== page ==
Treatment for breast cancer, including surgery, radiation, and chemotherapy, can cause many patients to experience functional concerns that physical therapy can address. Chest pain and stiffness, swelling, numbness, parasthesias, and generalized malaise can result. At the Comprehensive Center for Breast Care at The Association of South Bay Surgeons, an integrated team will work together with the patient to provide targeted physical therapy to improve range of motion, decrease pain and reduce parasthesias and fatigue.
Prevention, early recognition and treatment of lymphedema is another mainstay of our physical therapy treatment. Lymphedema manifests itself as swelling in one of the arms (or both arms after bilateral breast surgery) because of blockage of lymph passages and the body's inability to drain fluid from surrounding tissues.
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Lymphedema is a potential side effect of breast cancer surgery and radiation therapy that can appear in some people during the months or even years after treatment ends.
Lymph is a thin, clear fluid that circulates throughout the body to remove wastes, bacteria, and other substances from tissues. Edema is the buildup of excess fluid. So lymphedema occurs when too much lymph collects in any area of the body. If lymphedema develops in people who’ve been treated for breast cancer, it usually occurs in the arm and hand, but sometimes it affects the breast, underarm, chest, trunk, and/or back.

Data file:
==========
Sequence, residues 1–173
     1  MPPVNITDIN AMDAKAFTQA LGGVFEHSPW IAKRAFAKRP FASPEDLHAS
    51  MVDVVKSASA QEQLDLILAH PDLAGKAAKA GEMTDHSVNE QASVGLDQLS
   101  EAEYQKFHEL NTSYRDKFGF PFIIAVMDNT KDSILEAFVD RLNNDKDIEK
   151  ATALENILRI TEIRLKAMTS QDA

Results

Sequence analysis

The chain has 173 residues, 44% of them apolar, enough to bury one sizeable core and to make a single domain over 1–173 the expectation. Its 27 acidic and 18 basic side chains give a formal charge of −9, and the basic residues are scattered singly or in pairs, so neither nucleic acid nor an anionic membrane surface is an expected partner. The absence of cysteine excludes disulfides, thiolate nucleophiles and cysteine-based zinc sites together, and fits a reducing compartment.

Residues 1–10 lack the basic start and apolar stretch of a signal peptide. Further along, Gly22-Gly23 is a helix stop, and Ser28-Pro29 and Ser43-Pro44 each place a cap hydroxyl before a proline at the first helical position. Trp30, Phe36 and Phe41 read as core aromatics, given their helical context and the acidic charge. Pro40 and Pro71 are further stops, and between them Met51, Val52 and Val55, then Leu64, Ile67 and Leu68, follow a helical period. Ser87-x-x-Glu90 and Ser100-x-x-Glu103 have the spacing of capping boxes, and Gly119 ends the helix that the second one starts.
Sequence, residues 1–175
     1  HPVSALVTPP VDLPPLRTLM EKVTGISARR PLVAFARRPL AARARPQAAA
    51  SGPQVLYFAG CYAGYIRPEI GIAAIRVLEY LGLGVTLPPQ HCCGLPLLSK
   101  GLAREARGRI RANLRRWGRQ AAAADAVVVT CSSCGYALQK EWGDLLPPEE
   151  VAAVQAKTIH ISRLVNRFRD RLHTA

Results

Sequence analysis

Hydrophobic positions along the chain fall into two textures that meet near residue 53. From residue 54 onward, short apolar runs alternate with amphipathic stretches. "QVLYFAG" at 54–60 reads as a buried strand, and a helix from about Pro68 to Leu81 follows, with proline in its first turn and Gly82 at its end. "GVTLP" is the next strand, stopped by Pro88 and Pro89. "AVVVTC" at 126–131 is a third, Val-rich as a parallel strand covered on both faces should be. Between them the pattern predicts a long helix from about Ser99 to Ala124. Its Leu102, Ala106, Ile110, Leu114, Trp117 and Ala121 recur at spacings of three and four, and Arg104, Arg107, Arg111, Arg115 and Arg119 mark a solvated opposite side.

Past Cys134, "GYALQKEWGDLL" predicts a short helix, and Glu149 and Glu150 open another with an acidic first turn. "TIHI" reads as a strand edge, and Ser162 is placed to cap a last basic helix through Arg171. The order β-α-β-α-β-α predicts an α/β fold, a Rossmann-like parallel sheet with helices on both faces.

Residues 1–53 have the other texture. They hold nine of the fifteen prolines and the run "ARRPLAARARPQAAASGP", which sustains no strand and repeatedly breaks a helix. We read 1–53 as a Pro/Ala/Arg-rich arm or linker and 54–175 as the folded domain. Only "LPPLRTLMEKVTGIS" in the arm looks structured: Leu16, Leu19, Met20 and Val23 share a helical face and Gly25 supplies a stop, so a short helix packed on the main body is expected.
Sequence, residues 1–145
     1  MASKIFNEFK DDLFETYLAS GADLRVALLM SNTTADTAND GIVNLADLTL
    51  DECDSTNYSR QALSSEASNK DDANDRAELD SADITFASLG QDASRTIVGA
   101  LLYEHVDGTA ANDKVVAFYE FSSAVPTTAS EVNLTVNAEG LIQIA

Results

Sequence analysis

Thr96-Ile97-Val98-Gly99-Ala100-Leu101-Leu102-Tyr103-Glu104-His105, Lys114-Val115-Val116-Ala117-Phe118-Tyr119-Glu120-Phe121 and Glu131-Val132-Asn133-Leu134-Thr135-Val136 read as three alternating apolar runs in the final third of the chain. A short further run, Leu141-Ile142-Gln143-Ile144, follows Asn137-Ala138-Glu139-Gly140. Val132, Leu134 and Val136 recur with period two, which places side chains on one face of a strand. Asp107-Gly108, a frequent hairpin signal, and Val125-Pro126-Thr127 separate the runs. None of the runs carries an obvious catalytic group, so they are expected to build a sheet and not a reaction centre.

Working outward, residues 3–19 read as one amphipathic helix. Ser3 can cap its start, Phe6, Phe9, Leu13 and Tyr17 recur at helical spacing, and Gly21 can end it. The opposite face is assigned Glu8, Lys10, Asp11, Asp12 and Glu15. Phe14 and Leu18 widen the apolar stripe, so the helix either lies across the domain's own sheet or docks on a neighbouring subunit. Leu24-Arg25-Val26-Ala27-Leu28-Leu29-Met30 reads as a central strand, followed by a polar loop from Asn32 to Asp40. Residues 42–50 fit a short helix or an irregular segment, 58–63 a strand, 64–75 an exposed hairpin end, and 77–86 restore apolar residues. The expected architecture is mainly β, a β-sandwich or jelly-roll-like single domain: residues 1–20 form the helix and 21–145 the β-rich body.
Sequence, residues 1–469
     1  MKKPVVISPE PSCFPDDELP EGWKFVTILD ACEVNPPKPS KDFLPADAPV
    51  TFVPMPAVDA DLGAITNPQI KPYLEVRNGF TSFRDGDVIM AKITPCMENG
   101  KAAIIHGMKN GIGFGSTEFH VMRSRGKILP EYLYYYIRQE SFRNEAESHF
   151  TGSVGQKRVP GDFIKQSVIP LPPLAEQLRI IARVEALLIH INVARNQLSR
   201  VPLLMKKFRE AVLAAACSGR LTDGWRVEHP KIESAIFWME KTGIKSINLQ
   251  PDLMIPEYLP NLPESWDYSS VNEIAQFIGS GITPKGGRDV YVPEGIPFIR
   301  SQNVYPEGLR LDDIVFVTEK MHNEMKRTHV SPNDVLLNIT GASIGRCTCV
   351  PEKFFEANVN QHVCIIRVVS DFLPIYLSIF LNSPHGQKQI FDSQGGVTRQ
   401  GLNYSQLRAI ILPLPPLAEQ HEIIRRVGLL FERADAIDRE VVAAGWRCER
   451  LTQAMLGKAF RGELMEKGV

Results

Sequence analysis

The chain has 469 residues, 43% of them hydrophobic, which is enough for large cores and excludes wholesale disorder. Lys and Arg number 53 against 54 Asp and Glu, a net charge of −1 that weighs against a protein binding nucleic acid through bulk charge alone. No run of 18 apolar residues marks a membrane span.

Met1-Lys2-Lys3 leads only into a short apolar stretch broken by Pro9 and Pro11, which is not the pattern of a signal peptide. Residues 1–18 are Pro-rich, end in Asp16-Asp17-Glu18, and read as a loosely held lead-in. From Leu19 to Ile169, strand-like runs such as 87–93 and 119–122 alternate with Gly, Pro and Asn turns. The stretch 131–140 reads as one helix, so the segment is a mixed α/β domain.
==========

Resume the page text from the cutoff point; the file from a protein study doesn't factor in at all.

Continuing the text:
Why does lymphedema happen? As part of their surgery, many people with breast cancer have at least two or three lymph nodes removed from under the arm (sentinel lymph node biopsy), and sometimes many more nodes (axillary lymph node dissection). If the cancer has spread, it has most likely moved into to those underarm lymph nodes first because they drain lymph from the breast. Many people also need radiation therapy to the chest area and/or underarm. Surgery and radiation can cut off or damage some of the nodes and vessels through which lymph moves. Over time, the flow of lymph can overwhelm the remaining pathways, resulting in a backup of fluid into the body’s tissues.
For information on the Torrance Memorial Medical Center Lymphadema Program please visit: www.torrancememorial.org/Rehabilitation/Cancer_Rehabilitation.aspx
For information on the Providence Little Company of Mary Medical Center Torrance program please visit: http://california.providence.org/torrance/services/rehabilitation/